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Plants That Stay Green in Winter

By Callie Barber ; Updated September 21, 2017
Cedars are among the best known plants that stay green in winter.
a mountain and strata and cedar image by stapati from Fotolia.com

Plants that have the ability to retain their color and foliage all year long are typically called "evergreens." Evergreens include shrubs, trees, ground covers, and flowering plants. Evergreen plants provide much-needed color to a winter landscape. Tucked along a backyard patio as a screening plant or nestled into a container, evergreens provide vibrancy to the garden year-round.

Blue Atlas Cedar

Blue atlas cedar (Cedrus atlantica 'Glauca') is an evergreen that has a rapid growth rate and medium to fine texture. The open, pyramidal shape and stiff form creates a commanding presence to the landscape. Growing 60 to 100 feet tall and 40 feet wide, blue atlas cedar trees cast dense shade to the ground below. Drought-tolerant, blue atlas cedar trees have silver and blue spiral-shaped needles that are thick. The yellow, barrel-shaped cones on the blue atlas cedar grow 2 to 3 inches long. Blue atlas cedar trees require full sun to partial shade and grow in a wide range of soil varieties, including clay, sandy and dry soils. They do not tolerate wet or poorly drained growing environments. These cedars do well in USDA hardiness zones 6 to 9.

Leyland Cypress

Leyland cypress (x Cupressocyparis leylandii) keeps its needles and color all year long, including winter. Growing 60 to 90 feet tall and 12 to 15 feet wide, Leyland cypress is an ideal plant to grow for a windbreak. Leyland cypress trees have an upright, pyramidal shape that creates a magnificent focal point to the landscape. Leyland cypress trees have upright blue to green needles. Salt-tolerant, Leyland cypress trees can grow in coastal areas. They require full sun and well-drained soil to thrive. The USDA zones for planting is 6 to 10.

Carolina Rhododendron

Carolina rhododendron (Rhododendron carolinianum) is an evergreen shrub with a slow growth rate and medium texture. Growing 3 to 6 feet tall and wide, Carolina rhododendron shrubs have dark green foliage that grows 2 to 3 inches long and, when crushed, provided an aromatic scent. In winter, the leaves on the Carolina rhododendron turn purple to light up the landscape. The white, pink or lilac spring-blooming flowers on Carolina rhododendron grow 3 to 4 inches wide. Carolina rhododendron thrive in part shade and moist, well-drained soil. The zones for planting are 5 to 8.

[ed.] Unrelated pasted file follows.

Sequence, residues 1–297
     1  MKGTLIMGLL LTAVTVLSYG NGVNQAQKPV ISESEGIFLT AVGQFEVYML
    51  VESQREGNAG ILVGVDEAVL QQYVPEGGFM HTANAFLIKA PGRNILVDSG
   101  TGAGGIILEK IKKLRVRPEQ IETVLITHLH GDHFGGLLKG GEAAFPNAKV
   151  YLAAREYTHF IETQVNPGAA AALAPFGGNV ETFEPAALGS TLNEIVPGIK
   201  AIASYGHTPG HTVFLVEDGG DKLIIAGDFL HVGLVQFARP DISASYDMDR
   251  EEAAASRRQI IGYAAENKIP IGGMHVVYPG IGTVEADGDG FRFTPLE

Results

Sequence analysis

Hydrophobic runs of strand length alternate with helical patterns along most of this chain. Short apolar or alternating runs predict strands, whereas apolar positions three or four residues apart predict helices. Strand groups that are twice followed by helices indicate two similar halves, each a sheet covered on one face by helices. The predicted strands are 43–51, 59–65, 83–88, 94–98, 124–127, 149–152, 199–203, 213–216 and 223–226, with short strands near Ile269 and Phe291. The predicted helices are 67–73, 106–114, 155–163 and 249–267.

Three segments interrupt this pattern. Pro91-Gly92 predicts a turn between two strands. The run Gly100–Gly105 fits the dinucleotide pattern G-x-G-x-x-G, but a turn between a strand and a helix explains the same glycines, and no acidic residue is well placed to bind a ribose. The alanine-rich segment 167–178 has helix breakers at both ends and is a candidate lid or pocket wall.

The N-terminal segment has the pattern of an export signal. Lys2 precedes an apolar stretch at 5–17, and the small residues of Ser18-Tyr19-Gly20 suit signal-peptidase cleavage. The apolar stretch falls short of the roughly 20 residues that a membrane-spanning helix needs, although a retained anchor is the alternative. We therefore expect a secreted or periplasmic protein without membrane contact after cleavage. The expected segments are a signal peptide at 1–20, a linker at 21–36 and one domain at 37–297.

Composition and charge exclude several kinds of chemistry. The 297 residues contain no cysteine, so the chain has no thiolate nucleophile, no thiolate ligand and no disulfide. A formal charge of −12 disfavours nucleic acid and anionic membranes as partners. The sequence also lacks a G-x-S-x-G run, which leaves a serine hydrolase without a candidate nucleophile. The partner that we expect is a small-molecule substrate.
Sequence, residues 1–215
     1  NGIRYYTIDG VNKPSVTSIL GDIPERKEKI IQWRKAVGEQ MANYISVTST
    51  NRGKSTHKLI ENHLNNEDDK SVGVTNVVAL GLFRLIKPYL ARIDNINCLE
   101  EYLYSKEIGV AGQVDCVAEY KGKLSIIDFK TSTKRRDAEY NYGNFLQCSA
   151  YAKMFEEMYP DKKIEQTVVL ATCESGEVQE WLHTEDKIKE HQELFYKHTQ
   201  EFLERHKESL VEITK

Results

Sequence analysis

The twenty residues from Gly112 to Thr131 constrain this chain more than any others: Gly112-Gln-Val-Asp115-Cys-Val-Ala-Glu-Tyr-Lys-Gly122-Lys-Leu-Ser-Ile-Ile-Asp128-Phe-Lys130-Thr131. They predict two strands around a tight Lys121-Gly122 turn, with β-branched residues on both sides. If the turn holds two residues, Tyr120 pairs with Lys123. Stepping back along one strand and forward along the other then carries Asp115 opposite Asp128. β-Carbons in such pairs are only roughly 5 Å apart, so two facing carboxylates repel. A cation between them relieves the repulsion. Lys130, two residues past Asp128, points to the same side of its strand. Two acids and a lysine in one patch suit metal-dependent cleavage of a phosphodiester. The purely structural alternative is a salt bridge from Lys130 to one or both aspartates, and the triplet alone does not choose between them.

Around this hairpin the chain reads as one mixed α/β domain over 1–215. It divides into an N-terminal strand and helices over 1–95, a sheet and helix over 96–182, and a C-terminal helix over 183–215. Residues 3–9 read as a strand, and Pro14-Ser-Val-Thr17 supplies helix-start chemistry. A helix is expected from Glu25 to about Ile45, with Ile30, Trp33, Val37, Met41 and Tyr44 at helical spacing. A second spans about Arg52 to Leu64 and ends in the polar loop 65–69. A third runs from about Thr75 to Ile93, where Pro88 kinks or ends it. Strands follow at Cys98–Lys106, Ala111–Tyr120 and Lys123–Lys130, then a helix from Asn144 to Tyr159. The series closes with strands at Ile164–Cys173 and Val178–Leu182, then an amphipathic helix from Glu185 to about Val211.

Cool Climate Evergreens

Japanese yew (Taxus cuspidate) grows 4 to 6 feet tall and 5 to 7 feet wide, Japanese yew shrubs have a slow growth rate and medium texture. Drought- tolerant, the compact, vase-shaped form of the Japanese yew is ideal planted along a front bed or border. The green leaves on the Japanese yew grow in v-shaped rows and up to 1-inch long. Japanese yew shrubs require sun to shade and well-drained soil. Versatile, Japanese yews tolerate a wide range of soil varieties, including sandy soils. The USDA zones for planting is 4 to 7.

Other cool climate evergreens that provide a warm respite to the dreary, colorless landscape of winter are Chinese junipers and singleseed junipers. Both are hardy in zones 4 to 9 and retain their green needles through winter. Blue and American hollies also withstand cooler soil climates and thrive in USDA hardiness zones 5 to 9.


About the Author


Callie Barber has been writing professionally since 2002. Barber's love for design and writing inspired her to create Design Your Revolution, a blog that shares creative and affordable ways to decorate indoor and outdoor living environments. Her articles have appeared on Travels.com and GardenGuides.com. Barber holds a Bachelors of Arts in international studies from the University of North Carolina.